Celebrations across America on Mahatma Gandhi’s 153rd birth anniversary

Flyer informing people of Gandhi Jayanti in New York. Photo Indiainnewyork.gov.in

Washington: Rich tributes were paid to Mahatma Gandhi across America on the occasion of his 153rd birth anniversary on Sunday. Gandhi’s message of non-violence, respect and tolerance matters the most today, said many people celebrating his birth anniversary across cities.

In Washington, Gandhi Jayanti celebrations resonated with a special event at the Gandhi Memorial Center (GMC) with the recitation of Gandhi’s famous Bhajans by several Americans and members of the Indian diaspora.

Gandhi Jayanti is celebrated every year at GMC since 1959.

Gandhi never traveled to the United States, but it is perhaps the only country that has the largest number of statues and busts of India’s father of the nation.

Floral tributes were paid at several installations of Gandhi’s statue including in Washington, New York, Atlanta, San Francisco and Chicago.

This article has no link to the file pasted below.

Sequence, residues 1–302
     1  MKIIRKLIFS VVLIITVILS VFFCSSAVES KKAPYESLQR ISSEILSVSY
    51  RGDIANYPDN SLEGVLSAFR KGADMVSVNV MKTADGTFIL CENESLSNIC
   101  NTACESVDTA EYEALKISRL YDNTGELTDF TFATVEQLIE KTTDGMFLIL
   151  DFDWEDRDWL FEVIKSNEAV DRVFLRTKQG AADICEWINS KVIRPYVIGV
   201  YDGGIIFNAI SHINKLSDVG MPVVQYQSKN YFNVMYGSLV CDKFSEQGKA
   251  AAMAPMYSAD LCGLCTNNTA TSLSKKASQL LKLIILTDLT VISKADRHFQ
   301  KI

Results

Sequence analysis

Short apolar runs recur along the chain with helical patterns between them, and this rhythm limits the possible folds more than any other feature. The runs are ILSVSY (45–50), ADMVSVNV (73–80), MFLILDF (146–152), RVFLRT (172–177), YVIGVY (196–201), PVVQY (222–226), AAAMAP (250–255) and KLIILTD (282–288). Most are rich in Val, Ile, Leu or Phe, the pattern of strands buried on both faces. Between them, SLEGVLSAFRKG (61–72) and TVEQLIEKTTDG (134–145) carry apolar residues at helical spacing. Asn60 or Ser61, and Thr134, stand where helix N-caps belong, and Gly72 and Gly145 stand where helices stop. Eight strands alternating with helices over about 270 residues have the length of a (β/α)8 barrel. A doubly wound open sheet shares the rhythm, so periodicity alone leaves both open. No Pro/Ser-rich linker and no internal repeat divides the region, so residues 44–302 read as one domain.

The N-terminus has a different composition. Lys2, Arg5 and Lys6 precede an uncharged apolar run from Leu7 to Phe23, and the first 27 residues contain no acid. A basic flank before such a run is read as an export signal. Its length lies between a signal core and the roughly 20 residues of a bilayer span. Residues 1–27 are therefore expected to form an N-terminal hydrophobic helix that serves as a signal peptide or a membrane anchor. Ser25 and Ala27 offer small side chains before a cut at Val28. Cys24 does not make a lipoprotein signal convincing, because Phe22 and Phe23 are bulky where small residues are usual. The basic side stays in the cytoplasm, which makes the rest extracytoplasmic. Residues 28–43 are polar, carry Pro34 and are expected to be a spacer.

“Happy Gandhi Jayanti! Delighted to celebrate #GandhiJayanti in the presence of Ambassador Shri Taranjit Singh Sandhu @SandhuTaranjitS at Union Square Park, New York,” India in New York tweeted.

“Glimpses of the celebration of #GandhiJayanti at Mahatma Gandhi Statue, Hermann Park, Houston,” India in Houston tweeted.

“On the auspicious occasion of #GandhiJayanti, CG @nagentv & members of Indian diaspora paid rich tributes at the Mahatma Gandhi statue #Embarcadero, SF. Consul General recalled contributions of #fatherofthenation and his enduring legacy,” the Consulate General of India in San Francisco tweeted.

The teachings and philosophy of the apostle of peace have deeply influenced America’s civil rights movement, in particular, that led by Martin Luther King Jr. The two men never got a chance to meet. However, King learned about Gandhi through his writings and a trip to India in 1959. He drew heavily on the Gandhian idea of non-violence in his own activism. King wrote that Gandhi was a “guiding light” for him.

Born on October 2, 1869, in Porbandar town of Gujarat, Mahatma Gandhi or Mohandas Karamchand Gandhi believed deeply in the principles of non-violent resistance and was at the forefront of the freedom struggle against British colonial rule.



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